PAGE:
Belgian banking group KBC Group denied on January 30 a report in the German press that said it plans to sell its Hungarian unit.
German newspaper Handesblatt claimed the same day that KBC, which owns Hungary's third largest bank in terms of assets K&H, is the latest European banking group to be looking to quit the country. Hungary's bank sector is under huge pressure from government policy that has imposed high taxes and loss-making schemes for foreign-currency loans upon the sector.
However, KBC said in an email quoted by the Wall Street Journal that its stance towards Hungary has not changed, and insisting the report has no foundation.
The parent banks of several of the country's largest lenders suggested late last year that they could be ready to leave Hungary, with Raiffeisen Bank International admitting to be mulling offers. However, with the banks holding huge and poorly-performing loan portfolios and few realistic suitors around, as bne reported recently, foreign banks appear to be stuck for the meantime.
RBI revealed on January 28 that it had injected €55m of capital into Raiffeisen Hungary in December. Reports claim that the Austrian lender received a bid of just €1 for the unit from Szechenyi Kereskedelmi Bank - a tiny bank 100-times smaller than the takeover target and majority owned by the CEO of Government Debt Management Agency AKK and the state.
That offer - both the size and the bidder - illustrates the problem facing Hungary's foreign banks, which are bracing themselves for more losses as the government builds another scheme to force them to shoulder losses on forex loans. The ruling Fidez party is expected to win another term in office at elections in April, suggesting little respite is on the way.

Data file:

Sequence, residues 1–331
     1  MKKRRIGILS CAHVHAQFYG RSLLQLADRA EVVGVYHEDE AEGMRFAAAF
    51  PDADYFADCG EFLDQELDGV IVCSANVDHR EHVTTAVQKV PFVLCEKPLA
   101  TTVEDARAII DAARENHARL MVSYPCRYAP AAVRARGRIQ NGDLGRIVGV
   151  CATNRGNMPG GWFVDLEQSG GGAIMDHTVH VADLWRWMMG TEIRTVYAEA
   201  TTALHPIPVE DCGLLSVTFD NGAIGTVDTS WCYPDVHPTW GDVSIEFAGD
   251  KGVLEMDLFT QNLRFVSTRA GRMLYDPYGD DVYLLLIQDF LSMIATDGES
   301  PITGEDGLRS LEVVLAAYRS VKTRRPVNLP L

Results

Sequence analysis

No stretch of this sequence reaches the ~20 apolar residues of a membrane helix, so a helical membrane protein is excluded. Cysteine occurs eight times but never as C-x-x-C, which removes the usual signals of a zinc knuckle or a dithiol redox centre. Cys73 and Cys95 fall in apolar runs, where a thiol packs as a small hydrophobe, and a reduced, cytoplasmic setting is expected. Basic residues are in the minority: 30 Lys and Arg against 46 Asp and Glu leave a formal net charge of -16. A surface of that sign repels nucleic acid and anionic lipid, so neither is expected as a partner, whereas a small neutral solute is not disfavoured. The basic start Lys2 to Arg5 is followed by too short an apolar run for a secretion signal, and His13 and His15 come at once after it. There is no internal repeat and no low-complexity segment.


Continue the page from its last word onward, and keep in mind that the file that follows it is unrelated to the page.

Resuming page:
Prime Minister Orban has announced he wants to see more of the Hungarian banking sector in local hands. In December, the central bank's governor, Gyorgy Matolcsy, said half of the major banks operating in Hungary could leave within 18 months.
The ongoing pressure on foreign owners is now seen as a programme to push the valuation of their units lower to allow the state to buy them out - just as has been done in the utilities sector. "The government's strategy is to bring the net present value of foreign bank operations to zero, so it can then be transferred into local hands," Peter Attard Montalto at Nomura told Reuters on January 29.
The speculation that the Belgian group, which has a huge state bailout to pay off, is looking to call it quits comes just two weeks after it last denied it plans to exit. On January 12, K&H head Hendrik Scheerlinck told Reuters: "We can rule that out completely. We believe in Hungary, it is an important part of the strategy, and we have a clear growth strategy in this country. We want and we will be an important player in financing the Hungarian economy."
With a loan/deposit ratio of just 58%, Scheerlinck said K&H had abundant liquidity to expand lending. However, due to government policy and the high level of non-performing loans, the banks have practically stopped lending.
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